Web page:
High resolution x-ray images are critical to many fields including medicine, dentistry, airport security and astronomy. For astronomy, x-rays are of interest because they are radiated from high energy processes such as accretion disks around black holes. An invention that claims to provide high image resolution and detection efficiency of x-ray sources is described in patent application US 2006/0192129 A1. This imaging system can be used for x-rays ranging in energy from 1 to 20 KeV. It is consists of three main components: a scintillator, an optical system and a CCD camera. The principles of operation are as follows: x-rays emitted from a source cause excitations in the scintillator of a detector. The scintillating material de-excites by radiating light in the visible spectrum. A substrate is spaced between the scintillator and lens system. The lens system includes an objective lens and a tube lens. Light is imaged onto a CCD detector by the lens system. The scintillator and lenses function together as an optical system which gives rise to magnifications ranging from 500 to 1000. This level of magnification enables image resolutions on the order of 1 µm for typical CCD pixel sizes. Quantum efficiencies on the order of 95% are claimed.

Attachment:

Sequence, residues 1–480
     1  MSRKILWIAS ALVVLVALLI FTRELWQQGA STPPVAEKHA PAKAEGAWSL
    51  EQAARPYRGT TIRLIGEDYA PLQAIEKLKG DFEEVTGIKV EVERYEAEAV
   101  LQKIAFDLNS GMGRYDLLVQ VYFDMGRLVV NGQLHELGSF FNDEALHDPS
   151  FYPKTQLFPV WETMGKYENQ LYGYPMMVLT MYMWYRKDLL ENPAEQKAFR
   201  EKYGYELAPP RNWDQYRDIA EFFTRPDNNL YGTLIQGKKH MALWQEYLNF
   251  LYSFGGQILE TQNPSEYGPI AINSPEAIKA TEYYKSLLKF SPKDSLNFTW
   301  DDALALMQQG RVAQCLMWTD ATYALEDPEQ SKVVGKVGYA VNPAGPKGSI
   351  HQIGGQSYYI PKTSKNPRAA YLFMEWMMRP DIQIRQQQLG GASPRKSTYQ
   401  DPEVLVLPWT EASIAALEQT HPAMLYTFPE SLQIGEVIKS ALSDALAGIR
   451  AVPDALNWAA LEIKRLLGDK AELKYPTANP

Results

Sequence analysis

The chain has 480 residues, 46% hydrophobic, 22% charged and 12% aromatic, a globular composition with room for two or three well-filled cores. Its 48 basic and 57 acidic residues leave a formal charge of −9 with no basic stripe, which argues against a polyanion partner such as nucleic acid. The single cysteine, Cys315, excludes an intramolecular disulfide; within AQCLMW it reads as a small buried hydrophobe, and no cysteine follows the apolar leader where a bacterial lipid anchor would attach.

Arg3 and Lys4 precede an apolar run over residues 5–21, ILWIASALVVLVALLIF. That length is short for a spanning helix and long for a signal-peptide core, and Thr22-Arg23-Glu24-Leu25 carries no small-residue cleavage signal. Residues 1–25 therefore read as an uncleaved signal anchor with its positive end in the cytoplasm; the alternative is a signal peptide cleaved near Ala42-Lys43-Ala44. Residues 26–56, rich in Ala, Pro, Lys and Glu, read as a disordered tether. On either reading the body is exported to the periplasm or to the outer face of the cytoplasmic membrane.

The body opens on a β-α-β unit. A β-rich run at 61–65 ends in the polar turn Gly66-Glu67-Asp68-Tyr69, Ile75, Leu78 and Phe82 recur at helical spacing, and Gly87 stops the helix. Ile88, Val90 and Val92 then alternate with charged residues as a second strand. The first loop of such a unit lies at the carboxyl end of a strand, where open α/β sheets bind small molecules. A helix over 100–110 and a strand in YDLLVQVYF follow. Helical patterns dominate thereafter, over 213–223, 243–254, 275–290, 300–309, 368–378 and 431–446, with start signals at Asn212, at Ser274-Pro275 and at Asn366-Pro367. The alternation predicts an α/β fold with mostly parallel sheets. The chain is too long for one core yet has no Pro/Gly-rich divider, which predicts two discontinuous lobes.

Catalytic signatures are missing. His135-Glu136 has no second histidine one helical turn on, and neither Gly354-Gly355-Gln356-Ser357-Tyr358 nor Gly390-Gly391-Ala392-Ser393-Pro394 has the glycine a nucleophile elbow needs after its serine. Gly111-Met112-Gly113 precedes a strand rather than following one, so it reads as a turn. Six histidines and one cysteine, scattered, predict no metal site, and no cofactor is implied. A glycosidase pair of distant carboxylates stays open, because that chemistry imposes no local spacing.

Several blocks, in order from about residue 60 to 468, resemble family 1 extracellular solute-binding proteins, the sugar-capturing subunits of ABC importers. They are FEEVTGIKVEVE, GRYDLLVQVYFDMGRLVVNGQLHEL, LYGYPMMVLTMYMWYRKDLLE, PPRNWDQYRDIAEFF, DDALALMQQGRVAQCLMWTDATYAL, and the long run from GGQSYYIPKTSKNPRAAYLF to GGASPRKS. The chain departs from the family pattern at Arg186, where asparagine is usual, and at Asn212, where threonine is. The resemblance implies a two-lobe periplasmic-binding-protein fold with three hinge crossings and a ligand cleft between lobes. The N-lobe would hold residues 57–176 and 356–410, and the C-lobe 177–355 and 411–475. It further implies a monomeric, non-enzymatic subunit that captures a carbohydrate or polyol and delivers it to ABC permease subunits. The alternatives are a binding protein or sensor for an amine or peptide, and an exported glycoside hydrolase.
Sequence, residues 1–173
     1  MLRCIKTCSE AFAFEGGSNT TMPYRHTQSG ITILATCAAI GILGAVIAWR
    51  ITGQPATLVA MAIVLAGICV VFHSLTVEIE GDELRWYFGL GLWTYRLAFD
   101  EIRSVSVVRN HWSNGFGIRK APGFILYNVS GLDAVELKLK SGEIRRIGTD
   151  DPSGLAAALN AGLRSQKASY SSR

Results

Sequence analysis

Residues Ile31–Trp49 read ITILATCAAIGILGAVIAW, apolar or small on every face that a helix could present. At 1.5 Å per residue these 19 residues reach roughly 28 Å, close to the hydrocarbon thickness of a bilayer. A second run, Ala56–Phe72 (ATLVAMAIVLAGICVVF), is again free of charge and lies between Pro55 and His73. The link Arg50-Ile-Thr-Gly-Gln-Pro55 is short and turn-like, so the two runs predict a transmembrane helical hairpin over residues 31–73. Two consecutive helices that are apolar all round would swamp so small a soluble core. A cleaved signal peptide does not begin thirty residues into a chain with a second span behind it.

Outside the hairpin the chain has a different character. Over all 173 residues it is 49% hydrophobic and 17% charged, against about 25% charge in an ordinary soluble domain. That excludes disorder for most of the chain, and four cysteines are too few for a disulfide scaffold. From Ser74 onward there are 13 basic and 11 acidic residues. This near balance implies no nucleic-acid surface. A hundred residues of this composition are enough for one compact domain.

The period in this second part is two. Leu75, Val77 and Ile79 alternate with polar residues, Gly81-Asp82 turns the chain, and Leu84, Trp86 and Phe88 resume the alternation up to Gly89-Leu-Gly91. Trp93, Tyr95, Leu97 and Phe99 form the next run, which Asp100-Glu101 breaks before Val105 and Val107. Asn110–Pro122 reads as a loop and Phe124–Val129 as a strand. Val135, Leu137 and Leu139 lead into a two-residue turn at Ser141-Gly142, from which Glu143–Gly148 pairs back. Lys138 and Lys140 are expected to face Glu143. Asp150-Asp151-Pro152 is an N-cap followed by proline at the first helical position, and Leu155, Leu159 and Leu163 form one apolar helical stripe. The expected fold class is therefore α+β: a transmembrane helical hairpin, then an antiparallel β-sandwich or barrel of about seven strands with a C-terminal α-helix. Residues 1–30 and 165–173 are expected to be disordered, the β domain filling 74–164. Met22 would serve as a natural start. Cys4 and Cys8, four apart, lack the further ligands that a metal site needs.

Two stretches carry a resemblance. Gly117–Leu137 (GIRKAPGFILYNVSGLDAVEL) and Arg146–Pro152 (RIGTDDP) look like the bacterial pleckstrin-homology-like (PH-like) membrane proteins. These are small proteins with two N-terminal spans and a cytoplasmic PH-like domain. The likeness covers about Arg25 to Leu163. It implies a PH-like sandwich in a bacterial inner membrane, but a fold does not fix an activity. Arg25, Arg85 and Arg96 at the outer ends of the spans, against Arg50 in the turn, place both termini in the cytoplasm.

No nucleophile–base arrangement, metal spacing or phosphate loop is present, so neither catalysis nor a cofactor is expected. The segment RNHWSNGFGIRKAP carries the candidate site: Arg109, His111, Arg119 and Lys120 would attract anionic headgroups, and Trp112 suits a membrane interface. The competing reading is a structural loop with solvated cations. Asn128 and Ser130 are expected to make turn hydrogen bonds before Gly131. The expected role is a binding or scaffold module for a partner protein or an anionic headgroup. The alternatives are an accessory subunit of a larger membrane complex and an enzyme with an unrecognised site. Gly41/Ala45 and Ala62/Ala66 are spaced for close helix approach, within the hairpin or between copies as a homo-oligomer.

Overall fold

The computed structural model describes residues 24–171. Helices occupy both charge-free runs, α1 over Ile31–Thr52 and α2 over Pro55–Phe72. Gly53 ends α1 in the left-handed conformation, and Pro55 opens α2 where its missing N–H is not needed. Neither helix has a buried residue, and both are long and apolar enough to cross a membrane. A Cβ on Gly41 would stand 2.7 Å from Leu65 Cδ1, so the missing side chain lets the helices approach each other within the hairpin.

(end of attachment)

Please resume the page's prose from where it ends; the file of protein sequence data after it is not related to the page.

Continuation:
US 2006/0215177 A1 - Object shape